Historically, two doctrines more-or-less defined Protestant theology: sola fide and sola Scriptura. The first of these is the belief that salvation is “by faith alone,” apart from any sort of good works. The saved person might do good works, but good works have nothing to do with their being saved. The second, sola Scriptura, is the belief that “Scripture alone” is sufficient for belief, and that Christian doctrine can be derived exclusively from the Bible. Sources outside the Bible might help you understand Christianity, but a teaching not found in Scripture is a false teaching. (Protestant theologians vary in their understanding of this second point on issues like whether the Church’s interpretation of Scripture is binding, or even important.)
But do Protestants today even believe in these doctrines? A fascinating pair of Pew surveys, marking the 500th anniversary of the Reformation, decided to find out by surveying large numbers of Protestants in the U.S. and in eight different Western European countries. The results were fascinating.
The European Findings
The general findings in Europe are bleak:
- Europe is losing its Christian identity. In the Netherlands, for example, 20% of the population is (mostly-lax) Catholic and 18% of the population is (mostly-devout) Protestant, but they’re dwarfed by the 48% of the country that’s religiously unaffiliated.
- Christians aren’t living Christianity. Amongst those who do profess a religious affiliation, few say religion is very important in their lives (12% median for Protestants, 13% for Catholics), or that they pray daily (14% Protestants, 12% Catholics) or that they attend church weekly (8% Protestants, 14% Catholics).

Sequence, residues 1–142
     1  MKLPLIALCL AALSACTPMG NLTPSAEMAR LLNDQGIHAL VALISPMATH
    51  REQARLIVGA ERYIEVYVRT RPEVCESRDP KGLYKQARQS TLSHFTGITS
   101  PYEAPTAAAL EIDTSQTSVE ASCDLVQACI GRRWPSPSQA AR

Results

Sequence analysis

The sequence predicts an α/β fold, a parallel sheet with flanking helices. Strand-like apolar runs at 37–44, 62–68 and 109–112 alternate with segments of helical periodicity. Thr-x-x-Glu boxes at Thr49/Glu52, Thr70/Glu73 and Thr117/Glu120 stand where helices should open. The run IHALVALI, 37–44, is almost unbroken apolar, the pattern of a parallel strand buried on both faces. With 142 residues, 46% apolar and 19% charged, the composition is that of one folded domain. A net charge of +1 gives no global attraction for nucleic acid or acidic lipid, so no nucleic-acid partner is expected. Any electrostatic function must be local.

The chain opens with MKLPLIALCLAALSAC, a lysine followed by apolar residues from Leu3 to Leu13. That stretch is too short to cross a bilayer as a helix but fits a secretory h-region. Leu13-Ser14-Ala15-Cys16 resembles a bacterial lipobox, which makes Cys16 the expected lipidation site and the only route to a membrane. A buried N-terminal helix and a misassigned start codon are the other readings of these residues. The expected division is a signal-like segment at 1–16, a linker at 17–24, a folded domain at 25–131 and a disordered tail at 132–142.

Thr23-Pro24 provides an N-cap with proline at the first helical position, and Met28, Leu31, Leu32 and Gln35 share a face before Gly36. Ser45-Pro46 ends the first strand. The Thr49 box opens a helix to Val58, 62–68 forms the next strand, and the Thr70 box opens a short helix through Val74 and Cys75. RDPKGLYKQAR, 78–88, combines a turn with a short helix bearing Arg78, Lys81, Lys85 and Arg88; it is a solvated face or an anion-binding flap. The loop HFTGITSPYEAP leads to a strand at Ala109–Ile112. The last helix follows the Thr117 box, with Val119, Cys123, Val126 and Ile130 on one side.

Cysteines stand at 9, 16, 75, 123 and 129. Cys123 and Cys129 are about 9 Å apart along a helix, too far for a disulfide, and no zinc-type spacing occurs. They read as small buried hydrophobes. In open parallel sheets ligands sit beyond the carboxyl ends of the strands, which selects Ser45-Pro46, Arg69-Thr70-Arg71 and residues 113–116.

- Those who are living as Christians have frequently adopted an odd medley of Catholic and Protestant theology. “Protestants in every country surveyed except Norway are more likely to say that both elements are necessary for salvation than to take the traditionally Protestant sola fide position. For example, nearly three times as many German Protestants say faith and good works are necessary to get into heaven (61%) as say faith alone is the way to heaven (21%).” Weirder still, “in countries that have substantial shares of both Catholic and Protestant populations, only in the Netherlands are Catholics (66%) more likely than Protestants (47%) to say salvation comes from faith and good works. In Germany, Switzerland and the UK, Protestants are just as likely as Catholics – if not more likely – to espouse this traditional Catholic belief.”
Sola fide was held by the early Protestants to be “the article by which the church stands or falls.” By that standard, European Protestantism has fallen.
The American Findings